Mastitis is a condition that causes a woman's breast tissue to become painful and inflamed. It can usually be treated easily, but it's important to see your GP if you think you have it.
Mastitis is most common in breastfeeding women. Up to 1 in every 10 women who breastfeed are affected, usually within the first three months after giving birth.
Mastitis related to breastfeeding is sometimes called lactation mastitis or puerperal mastitis by doctors.
However, women who aren't breastfeeding can also develop mastitis. Non-breastfeeding women often have a type called periductal mastitis.
What causes mastitis?
In breastfeeding women, mastitis is often caused by a build-up of milk within the breast. This is known as milk stasis.
Milk stasis can occur for a number of reasons, including:
•a baby not properly attaching to the breast during feeding
•a baby having problems sucking
•infrequent feeds or missing feeds
In some cases, this build-up of milk can also become infected with bacteria. This is known as infective mastitis.
In non-breastfeeding women, mastitis most often occurs when the breast becomes infected as a result of damage to the nipple, such as a cracked or sore nipple, or a nipple piercing.
Symptoms of mastitis
Mastitis usually only affects one breast, and symptoms often develop quickly.
Symptoms of mastitis can include:
•a red, swollen area on your breast that may feel hot and painful to touch
•a breast lump or area of hardness on your breast
•a burning pain in your breast that may be continuous, or may only occur when you are breastfeeding
•nipple discharge, which may be white or contain streaks of blood
You may also experience flu-like symptoms, such as aches, a high temperature (fever), chills and tiredness.
When to seek medical advice
You should contact your GP as soon as possible if you think you might have mastitis. Before your appointment it may help to try some self-help measures (see below).
It's important to see your GP promptly because there is a risk that mastitis could lead to a breast abscess (a painful collection of pus), which may need to be drained surgically.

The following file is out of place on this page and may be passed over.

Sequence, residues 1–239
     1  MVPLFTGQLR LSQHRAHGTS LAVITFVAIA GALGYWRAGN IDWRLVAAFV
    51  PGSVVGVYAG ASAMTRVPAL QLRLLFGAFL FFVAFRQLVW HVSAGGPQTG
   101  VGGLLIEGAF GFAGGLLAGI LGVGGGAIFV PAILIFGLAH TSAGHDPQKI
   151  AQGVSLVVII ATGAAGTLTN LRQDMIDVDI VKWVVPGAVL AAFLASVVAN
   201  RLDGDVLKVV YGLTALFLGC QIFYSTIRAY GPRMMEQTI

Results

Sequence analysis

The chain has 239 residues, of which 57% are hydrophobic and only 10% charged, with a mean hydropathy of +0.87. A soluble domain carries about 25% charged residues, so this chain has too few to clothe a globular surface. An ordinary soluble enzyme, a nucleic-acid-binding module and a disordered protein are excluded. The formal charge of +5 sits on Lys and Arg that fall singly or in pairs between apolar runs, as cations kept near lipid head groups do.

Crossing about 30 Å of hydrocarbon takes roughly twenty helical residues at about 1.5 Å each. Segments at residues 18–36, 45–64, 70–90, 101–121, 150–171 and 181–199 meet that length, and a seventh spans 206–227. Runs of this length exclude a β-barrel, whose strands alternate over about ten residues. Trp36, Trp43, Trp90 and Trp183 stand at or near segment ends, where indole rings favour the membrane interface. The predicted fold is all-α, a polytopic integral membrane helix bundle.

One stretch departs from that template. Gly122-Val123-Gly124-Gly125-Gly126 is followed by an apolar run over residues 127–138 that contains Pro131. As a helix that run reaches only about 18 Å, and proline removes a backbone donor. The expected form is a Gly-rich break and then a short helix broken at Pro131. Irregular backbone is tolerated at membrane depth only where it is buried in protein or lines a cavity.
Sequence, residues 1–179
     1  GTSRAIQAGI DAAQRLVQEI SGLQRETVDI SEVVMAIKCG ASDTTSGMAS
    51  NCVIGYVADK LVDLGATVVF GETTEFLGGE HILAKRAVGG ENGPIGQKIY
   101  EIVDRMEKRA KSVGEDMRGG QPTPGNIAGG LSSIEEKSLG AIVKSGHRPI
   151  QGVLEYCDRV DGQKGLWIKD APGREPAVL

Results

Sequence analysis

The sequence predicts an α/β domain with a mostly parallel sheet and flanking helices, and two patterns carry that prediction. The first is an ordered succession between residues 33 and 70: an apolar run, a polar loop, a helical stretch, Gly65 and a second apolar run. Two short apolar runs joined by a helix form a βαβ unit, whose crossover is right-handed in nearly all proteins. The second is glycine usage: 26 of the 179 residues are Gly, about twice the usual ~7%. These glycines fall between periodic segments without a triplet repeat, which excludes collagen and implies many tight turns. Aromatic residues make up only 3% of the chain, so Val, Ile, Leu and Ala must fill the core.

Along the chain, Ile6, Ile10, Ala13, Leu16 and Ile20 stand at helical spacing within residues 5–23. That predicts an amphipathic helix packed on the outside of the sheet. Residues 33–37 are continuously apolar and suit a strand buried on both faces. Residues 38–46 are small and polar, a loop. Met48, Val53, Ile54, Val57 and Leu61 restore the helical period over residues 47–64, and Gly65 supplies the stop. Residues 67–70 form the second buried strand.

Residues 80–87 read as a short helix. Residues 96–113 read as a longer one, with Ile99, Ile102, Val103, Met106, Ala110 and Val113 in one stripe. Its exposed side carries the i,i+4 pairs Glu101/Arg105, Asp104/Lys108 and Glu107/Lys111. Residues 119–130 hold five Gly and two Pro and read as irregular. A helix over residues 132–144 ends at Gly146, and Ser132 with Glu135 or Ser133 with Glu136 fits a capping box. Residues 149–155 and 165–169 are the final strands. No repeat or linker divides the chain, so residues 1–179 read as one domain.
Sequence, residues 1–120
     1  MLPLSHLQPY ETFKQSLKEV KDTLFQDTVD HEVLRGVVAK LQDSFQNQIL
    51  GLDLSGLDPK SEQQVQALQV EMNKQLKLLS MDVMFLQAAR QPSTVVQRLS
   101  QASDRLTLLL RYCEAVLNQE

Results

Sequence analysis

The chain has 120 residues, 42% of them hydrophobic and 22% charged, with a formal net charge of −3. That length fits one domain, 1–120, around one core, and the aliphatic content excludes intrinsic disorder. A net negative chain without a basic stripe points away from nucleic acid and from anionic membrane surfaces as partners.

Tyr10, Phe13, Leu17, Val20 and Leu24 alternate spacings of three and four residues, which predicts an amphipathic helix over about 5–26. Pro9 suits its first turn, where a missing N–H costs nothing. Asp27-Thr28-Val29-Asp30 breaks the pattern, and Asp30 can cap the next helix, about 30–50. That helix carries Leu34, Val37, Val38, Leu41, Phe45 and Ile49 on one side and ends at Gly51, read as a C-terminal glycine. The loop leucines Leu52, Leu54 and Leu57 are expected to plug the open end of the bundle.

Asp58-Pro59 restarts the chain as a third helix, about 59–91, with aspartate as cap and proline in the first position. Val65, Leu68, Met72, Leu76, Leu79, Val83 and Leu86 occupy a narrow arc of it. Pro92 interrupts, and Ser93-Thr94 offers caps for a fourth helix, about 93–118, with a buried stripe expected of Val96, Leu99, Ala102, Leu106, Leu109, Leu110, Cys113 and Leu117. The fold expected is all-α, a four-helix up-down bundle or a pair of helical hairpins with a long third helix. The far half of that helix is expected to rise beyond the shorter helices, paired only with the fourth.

Breast abscesses can be serious if not spotted or treated quickly; it's estimated that 1 in every 10 women who develop them are unable to breastfeed using the affected breast again.
Your GP will often be able to diagnose mastitis based on your symptoms and an examination of your breasts.
If you're breastfeeding, they may ask you to demonstrate your technique. Try not to feel as if you are being tested or blamed – breastfeeding correctly can take time and practice.
If your symptoms are particularly severe, you have had recurrent episodes of mastitis, or you have been given antibiotics and your condition hasn't improved, your GP may decide to take a small sample of your breast milk for testing.
This will help determine whether you have a bacterial infection and can identify the specific type of bacteria responsible for your condition. Knowing which bacteria are causing the infection will allow your GP to prescribe an antibiotic that is specifically effective against those bacteria.
If you have mastitis and are not breastfeeding, your GP may refer you to hospital for a specialist examination and a breast scan to rule out other conditions, particularly if your symptoms haven’t improved after a few days of treatment. Scans you may have include an ultrasound scan or a mammogram (X-ray of the breast).
How mastitis is treated
Mastitis can usually be easily treated and most women will make a full recovery very quickly.
Self-help measures are often helpful, such as:
•getting plenty of rest and staying well hydrated
•using over-the-counter painkillers, such as paracetamol or ibuprofen, to reduce any pain or fever
•avoiding tight-fitting clothing (including bras) until your symptoms improve
•if you are breastfeeding, continuing to feed your baby and making sure your baby is properly attached to your breast
Breastfeeding your baby when you have mastitis, even if you have an infection, will not harm your baby and can help improve your symptoms. It may also help to feed more frequently than usual, express any remaining milk after a feed and express milk between feeds.
For non-breastfeeding women with mastitis, and breastfeeding women with a suspected infection, a course of antibiotic tablets will usually be prescribed to bring the infection under control.
Although mastitis can usually be treated easily, the condition can recur if the underlying cause is not addressed.
If you are breastfeeding, you can help reduce your risk of developing mastitis by taking steps to stop milk building up in your breasts, such as:
•breastfeed exclusively for around six months, if possible
•encourage your baby to feed frequently, particularly when your breasts feel overfull
•ensure your baby is well attached to your breast during feeds – ask for advice if you are unsure (see below)
•let your baby finish their feeds – most babies will release the breast when they have finished feeding; try not to take your baby off the breast unless they are finished
•avoid suddenly going longer between feeds – if possible, cut down gradually
•avoid pressure on your breasts from tight clothing, including bras
Your GP, midwife or health visitor can advise about how to improve your breastfeeding technique. You can also call the National Breastfeeding Helpline on 0300 100 0212 for advice.
Last updated: 06 November 2015
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